This post is part of Paste’s Century of Terror project, a countdown of the 100 best horror films of the last 100 years, culminating on Halloween. You can see the full list in the master document, which will collect each year’s individual film entry as it is posted.
It would be disingenuous to act as if 1920 gave birth to the first “horror film,” because it most assuredly did not. In fact, as early as 1895, Thomas Edison produced The Execution of Mary Stuart, an 18-second short film depicting Mary, Queen of Scots being beheaded with an axe, pioneering the filmmaking stop trick in the process. A year later, Georges Méliès, who would eventually give us A Trip to the Moon, filmed Le Manoir du diable, The House of the Devil, which many would consider the first proper “horror film.” It may have been only three minutes long, but like Frankenstein’s monster, horror had been given a spark of life.
In the decades that followed, a genre began to coalesce. Antiquarian horror films were produced in the U.S., France, Germany and Japan before the turn of the 20th century. Spanish director Segundo de Chomón chipped in La Casa Hechizada, one of the first recognizable examples of a true “haunted house movie,” in 1907. Iconic stories such as Faust and Frankenstein received their first adaptations, now forgotten to most outside of film historians. Along the way, filmmaking technique and prowess developed rapidly.
Then came 1920. Although it wouldn’t be right to call 1920 horror’s birthplace, it’s absolutely fair to label it as horror’s launching pad. Headlined by several silent horror classics, including the likes of The Cabinet of Dr. Caligari, it’s the year when horror as a genre left an indelible mark on the film industry for the first time. Although the genre would ebb and flow in the decades to come, horror proved quite impossible to stamp out—even when society (or Hollywood) made their best efforts to try.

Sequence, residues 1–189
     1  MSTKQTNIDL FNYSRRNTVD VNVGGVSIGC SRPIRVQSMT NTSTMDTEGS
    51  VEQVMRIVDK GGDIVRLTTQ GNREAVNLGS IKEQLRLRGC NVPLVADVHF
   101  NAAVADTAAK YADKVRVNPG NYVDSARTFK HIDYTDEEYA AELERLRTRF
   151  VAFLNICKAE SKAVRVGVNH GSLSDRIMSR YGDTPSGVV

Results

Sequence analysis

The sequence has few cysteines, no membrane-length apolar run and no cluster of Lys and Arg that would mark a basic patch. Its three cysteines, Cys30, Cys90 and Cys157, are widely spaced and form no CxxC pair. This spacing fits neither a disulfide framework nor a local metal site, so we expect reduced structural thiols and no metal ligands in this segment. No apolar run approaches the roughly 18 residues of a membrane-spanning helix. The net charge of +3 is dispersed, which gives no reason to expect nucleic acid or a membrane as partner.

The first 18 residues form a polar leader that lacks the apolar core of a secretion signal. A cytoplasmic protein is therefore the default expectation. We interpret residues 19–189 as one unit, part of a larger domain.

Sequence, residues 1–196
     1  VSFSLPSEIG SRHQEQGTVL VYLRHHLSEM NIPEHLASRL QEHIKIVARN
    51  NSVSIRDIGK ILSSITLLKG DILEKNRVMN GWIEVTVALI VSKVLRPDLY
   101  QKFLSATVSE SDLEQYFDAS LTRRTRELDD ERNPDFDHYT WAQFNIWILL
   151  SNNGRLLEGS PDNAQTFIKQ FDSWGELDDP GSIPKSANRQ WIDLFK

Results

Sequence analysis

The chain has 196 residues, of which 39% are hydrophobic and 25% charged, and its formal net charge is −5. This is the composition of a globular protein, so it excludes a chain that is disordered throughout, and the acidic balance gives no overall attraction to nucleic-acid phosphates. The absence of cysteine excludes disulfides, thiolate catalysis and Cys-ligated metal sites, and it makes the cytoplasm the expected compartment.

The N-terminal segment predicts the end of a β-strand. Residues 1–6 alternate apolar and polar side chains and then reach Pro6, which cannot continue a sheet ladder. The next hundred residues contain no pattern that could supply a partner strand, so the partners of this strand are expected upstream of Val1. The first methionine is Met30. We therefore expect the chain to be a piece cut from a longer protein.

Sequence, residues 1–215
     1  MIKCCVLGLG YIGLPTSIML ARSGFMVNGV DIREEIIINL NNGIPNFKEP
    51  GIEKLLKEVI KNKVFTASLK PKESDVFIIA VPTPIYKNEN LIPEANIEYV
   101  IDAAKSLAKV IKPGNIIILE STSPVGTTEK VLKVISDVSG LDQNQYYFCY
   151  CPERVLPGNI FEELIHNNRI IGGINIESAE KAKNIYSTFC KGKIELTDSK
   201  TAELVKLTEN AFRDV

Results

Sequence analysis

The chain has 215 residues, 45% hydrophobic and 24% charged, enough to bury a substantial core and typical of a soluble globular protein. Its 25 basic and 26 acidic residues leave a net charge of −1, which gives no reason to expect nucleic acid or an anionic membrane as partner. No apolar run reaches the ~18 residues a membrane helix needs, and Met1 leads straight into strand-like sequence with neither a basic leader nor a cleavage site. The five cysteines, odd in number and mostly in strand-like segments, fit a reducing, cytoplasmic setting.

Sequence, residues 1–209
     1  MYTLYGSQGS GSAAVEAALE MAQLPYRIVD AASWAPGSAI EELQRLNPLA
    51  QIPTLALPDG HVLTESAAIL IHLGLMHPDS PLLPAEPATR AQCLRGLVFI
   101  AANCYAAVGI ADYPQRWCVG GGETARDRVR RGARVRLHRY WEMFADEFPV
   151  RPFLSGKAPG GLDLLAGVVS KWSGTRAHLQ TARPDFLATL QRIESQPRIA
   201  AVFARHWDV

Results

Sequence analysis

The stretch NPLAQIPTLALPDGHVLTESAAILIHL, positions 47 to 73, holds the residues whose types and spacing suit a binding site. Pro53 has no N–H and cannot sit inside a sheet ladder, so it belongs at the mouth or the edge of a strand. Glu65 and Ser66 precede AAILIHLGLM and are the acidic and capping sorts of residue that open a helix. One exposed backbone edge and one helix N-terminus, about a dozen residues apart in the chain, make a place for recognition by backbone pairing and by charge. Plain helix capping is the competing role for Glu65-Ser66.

As a result, there’s no more perfect starting point for this century-spanning project than 1920—the year when horror cinema announced it was here to stay.
1920 Honorable Mentions:
The Golem, Dr. Jekyll and Mr. Hyde, The Penalty, The Head of Janus (lost film)
Director: Robert Wiene
It’s difficult to overstate how transformative The Cabinet of Dr. Caligari was not only in German cinema, but in horror cinema worldwide. It remains the formative, foundational work of German Expressionism in film, but its fingers reach out across the century to touch horror films and psychological thrillers in every decade. Its visual motifs show up time and time again, from the shadowy, ghostlike countryside prowled by Robert Mitchum in The Night of the Hunter, to the tilted afterlife of Tim Burton’s Beetlejuice, to the cyberpunk, dystopian skyline of Dark City. It’s not the first horror film, but it’s the perfect starting point for a discussion of horror films.